Organ Systems
Figure 17-11B
Clinical Correlation: Pheochromocytoma
Figure 17-12A
Adrenal Medulla
Figure 17-12B
Cells of the Adrenal Medulla
Pineal Gland
Figure 17-13A
Overview of the Pineal Gland
Figure 17-13B
Pinealocytes and Brain Sand of the Pineal Gland
Figure 17-13C
Clinical Correlation: Pineoblastoma
Endocrine Pancreas
Figure 17-14A,B
Islets of Langerhans, Endocrine Pancreas
Figure 17-15A,B
Pancreatic Islet Cells, Islets of Langerhans
Figure 17-16
Clinical Correlation: Type 2 Diabetes Mellitus
Synopsis 17-1
Pathological Terms for the Endocrine System
Table 17-1
Endocrine Organs
Introduction and Key Concepts
for the Endocrine System
endocrine system
is very closely associated with the nervous
system and is much like the
nervous system
in some ways. The
nervous system
sends messages related to sensation, thought,
and motor control using electrochemical signals (
action poten-
) that are carried by neurons and axons. The
sends messages to control and regulate the metabolic
activity of the body using chemical signals (
) that are
released by endocrine secretory cells and carried by the blood
circulatory system. The endocrine system includes (1)
crine glands
, such as the pituitary gland, thyroid and parathy-
roid glands, adrenal glands, and the pineal gland; (2)
of endocrine cells
located in the organs such as
islets of Langer-
in the pancreas; and (3)
isolated endocrine cells
in certain
tissues, such as the
enteroendocrine cells
in the epithelium of
respiratory and digestive tracts (see Chapters 11, “Respira-
tory System,” and 15, “Digestive Tract”). The endocrine organs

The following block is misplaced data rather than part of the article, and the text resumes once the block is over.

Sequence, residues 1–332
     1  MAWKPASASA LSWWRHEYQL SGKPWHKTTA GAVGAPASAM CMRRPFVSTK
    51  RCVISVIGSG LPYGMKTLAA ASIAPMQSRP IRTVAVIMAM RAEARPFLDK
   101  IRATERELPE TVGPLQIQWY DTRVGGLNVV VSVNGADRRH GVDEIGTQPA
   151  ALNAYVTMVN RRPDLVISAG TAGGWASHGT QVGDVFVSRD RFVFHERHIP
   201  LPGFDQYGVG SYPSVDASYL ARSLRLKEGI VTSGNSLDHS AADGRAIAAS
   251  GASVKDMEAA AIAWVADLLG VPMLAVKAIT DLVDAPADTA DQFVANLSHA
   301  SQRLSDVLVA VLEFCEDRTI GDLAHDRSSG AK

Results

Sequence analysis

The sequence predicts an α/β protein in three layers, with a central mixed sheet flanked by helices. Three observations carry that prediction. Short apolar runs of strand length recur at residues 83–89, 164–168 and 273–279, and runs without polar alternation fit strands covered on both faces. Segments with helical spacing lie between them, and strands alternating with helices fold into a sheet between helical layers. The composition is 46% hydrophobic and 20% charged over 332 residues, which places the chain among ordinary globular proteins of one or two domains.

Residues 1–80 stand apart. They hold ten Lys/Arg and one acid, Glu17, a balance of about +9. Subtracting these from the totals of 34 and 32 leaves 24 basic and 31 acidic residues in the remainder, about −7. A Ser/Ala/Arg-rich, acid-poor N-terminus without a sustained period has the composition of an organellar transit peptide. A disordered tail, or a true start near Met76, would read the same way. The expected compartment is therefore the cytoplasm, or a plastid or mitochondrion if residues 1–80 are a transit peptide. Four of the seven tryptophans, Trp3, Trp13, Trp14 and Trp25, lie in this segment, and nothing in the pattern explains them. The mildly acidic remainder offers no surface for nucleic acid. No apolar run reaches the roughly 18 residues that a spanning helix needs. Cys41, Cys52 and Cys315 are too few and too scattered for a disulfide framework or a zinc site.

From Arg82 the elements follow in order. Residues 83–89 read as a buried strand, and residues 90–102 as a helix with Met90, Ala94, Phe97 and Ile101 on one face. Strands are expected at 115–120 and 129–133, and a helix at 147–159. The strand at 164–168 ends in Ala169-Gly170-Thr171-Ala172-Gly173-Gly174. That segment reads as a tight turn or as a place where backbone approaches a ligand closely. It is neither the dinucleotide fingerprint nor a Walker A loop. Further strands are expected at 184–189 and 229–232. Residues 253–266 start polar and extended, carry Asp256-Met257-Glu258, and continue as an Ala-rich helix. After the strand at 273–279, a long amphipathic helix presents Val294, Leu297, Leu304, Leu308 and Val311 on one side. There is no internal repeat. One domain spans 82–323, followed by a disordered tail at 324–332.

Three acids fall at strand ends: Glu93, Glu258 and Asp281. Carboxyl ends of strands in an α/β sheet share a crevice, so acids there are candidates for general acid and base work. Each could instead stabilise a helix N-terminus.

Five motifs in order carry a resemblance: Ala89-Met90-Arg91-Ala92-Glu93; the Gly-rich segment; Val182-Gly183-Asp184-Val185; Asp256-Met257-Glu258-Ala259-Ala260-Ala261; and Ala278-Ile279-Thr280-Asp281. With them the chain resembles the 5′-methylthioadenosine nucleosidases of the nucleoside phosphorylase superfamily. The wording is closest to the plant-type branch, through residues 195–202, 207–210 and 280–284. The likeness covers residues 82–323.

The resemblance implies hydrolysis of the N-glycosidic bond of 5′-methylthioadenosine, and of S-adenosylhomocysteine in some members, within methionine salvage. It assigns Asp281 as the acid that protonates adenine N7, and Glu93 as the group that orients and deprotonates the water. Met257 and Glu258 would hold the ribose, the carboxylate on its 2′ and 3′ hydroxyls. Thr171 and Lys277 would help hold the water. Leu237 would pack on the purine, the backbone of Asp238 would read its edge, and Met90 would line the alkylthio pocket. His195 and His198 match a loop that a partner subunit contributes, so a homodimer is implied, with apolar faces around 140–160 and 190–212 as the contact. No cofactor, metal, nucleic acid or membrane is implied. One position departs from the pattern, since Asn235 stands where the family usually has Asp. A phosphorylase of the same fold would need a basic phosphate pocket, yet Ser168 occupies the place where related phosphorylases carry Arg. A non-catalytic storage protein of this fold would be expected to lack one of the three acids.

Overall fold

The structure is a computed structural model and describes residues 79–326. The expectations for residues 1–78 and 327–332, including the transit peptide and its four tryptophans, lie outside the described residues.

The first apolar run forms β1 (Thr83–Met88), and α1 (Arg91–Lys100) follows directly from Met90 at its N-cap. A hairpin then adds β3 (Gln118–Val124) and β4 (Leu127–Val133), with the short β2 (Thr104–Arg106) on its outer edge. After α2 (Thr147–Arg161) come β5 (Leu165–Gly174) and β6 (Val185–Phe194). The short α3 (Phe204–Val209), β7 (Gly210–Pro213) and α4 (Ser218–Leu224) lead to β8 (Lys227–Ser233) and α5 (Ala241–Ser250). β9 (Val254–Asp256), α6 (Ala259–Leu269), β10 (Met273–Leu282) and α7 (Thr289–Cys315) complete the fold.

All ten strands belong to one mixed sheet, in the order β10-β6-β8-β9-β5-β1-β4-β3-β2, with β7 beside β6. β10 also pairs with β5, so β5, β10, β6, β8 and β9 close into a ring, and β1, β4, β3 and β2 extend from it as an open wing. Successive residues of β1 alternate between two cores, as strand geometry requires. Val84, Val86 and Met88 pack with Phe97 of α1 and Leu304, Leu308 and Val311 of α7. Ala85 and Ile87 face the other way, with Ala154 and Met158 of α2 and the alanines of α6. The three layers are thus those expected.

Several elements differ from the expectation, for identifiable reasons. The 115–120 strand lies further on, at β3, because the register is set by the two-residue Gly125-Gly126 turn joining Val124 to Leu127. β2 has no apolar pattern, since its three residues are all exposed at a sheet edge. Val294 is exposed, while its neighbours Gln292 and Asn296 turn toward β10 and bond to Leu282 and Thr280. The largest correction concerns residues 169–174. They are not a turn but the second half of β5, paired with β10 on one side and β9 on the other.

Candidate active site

that are discussed in this chapter include the pituitary gland,
parathyroid glands, adrenal glands, and the endocrine pancreas
(islets of Langerhans). Other endocrine organs, such as the tes-
tes and ovaries, are discussed in Chapters 18, “Male Reproduc-
tive System,” and 19, “Female Reproductive System.”
Endocrine secretions (hormones) are delivered through
the capillary network of the vascular system to the target
organs rather than through a series of ducts as in the exocrine
system. The timing of hormone release is controlled by the
. The hypothalamus acts as a command center,
controlling the activity of the pituitary gland. The
functions as a master gland, releasing hormones to con-
trol other endocrine glands and organs. The organs or tissues
that are activated by released hormones are called
target organs
. The cells in the target organ/tissue have appropriate
, which are able to recognize and respond to speci±
hormones (Fig. 17-2).
The hormones can be divided into three classes based on
their structure:
Steroid hormones
are lipid hormones that have the characteristic
ring structure of steroids (terpenoid lipids) and are formed from
cholesterol. Examples of these hormones include estrogen, tes-
tosterone, cortisone, and aldosterone.
Peptide hormones
are composed of amino acids and are
usually produced by the partial hydrolysis of proteins. The
majority of hormones of this type are secreted by the pituitary
gland (e.g., adrenocorticotropic hormone [ACTH], thyroid-
stimulating hormone [TSH], follicle-stimulating hormone
[FSH], prolactin, and growth hormones) and parathyroid
glands (parathyroid hormone [PTH], or parathormone).
Amine hormones
are derived from the amino acid
Examples include triiodothyronine (T
) and thyroxine (T
released by the thyroid and sympathomimetic hormones
(adrenaline/epinephrine and noradrenaline/norepinephrine)
secreted by the adrenal medulla.
Pituitary Gland
pituitary gland
is a neuroendocrine organ located inside the
skull and considered a part of the brain (Figs. 17-2 to 17-6B).
It consists of two divisions: the
lobe) and the
(posterior lobe). The pituitary
gland produces various types of hormones that act on many
target organs, many of which also secrete hormones (Fig. 17-2).
Secretion of the pituitary gland is controlled and regulated by
releasing hormone
inhibitory hormone
secreted by the
hypothalamus or by nervous system signals from the hypotha-
lamic nuclei, including the paraventricular nuclei, the supraoptic
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